CHANGCHUN, April 29 -- A Chinese archives has asked the public to donate historical records that reveal Japanese war crimes during their invasion of China from the 1930s to 1940s.
The Jilin Provincial Archives in northeast China, one of the worst-ravaged areas during the Anti-Japanese War (1937-1945), regarded public donations of evidence as "a meaningful supplement" to what it currently has, said Wang Man, an official with the archives.
The archives is appealing for letters, official documents, diaries, photographs and video footage, said Wang
"They are particularly rare archives with great historical value," he said.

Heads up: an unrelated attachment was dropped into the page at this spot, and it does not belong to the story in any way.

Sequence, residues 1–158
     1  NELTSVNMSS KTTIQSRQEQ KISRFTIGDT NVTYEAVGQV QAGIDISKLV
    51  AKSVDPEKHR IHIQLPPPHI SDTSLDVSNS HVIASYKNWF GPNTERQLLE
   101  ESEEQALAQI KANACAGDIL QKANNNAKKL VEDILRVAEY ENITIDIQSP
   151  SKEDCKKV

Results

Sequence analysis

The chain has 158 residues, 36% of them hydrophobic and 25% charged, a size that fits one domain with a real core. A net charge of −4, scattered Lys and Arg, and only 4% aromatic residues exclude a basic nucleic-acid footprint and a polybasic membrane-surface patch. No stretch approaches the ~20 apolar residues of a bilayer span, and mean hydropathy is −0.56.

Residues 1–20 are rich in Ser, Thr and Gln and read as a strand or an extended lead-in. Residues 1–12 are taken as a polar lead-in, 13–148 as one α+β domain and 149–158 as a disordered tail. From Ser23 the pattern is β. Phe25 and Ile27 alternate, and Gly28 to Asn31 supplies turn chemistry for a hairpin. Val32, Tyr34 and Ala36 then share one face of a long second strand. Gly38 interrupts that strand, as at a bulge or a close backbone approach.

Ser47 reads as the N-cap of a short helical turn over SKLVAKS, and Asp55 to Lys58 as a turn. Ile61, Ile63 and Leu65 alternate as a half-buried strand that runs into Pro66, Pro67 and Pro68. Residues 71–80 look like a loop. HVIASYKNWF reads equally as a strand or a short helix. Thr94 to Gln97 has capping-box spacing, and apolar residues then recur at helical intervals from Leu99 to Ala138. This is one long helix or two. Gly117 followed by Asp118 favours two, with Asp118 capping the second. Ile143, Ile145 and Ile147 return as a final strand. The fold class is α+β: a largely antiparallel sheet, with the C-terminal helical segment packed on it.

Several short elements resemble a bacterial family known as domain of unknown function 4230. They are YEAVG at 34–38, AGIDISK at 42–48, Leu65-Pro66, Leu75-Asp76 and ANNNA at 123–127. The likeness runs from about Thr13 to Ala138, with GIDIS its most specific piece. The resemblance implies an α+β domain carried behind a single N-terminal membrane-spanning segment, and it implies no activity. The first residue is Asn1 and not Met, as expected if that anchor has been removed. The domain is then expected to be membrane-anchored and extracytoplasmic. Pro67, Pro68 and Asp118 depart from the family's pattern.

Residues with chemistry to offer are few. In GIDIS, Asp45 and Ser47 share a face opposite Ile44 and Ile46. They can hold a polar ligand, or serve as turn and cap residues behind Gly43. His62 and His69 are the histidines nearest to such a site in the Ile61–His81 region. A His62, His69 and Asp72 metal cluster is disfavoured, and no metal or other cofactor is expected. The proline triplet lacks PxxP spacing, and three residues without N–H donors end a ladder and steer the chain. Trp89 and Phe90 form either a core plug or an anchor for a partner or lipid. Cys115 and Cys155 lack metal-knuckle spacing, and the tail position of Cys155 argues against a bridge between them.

The archives last week published 89 wartime documents, which reveal that Japanese soldiers slaughtered Chinese civilians and Japan organized large-scale immigration to the region during its invasion.
"After we published the documents, we received a lot of phone calls and many people wanted to donate related archives to us," said Wang.
The archives now is home to more than 100,000 documents on the Japanese invasion, with more than 90 percent in Japanese. They were recovered from a construction site underground in the 1950s.
"Some of the files are damaged and need a lot of time and manpower to repair and sort through," said Mu Zhanyi, deputy head of the archives.
Mu said they planned to invite more foreign experts to join in their work.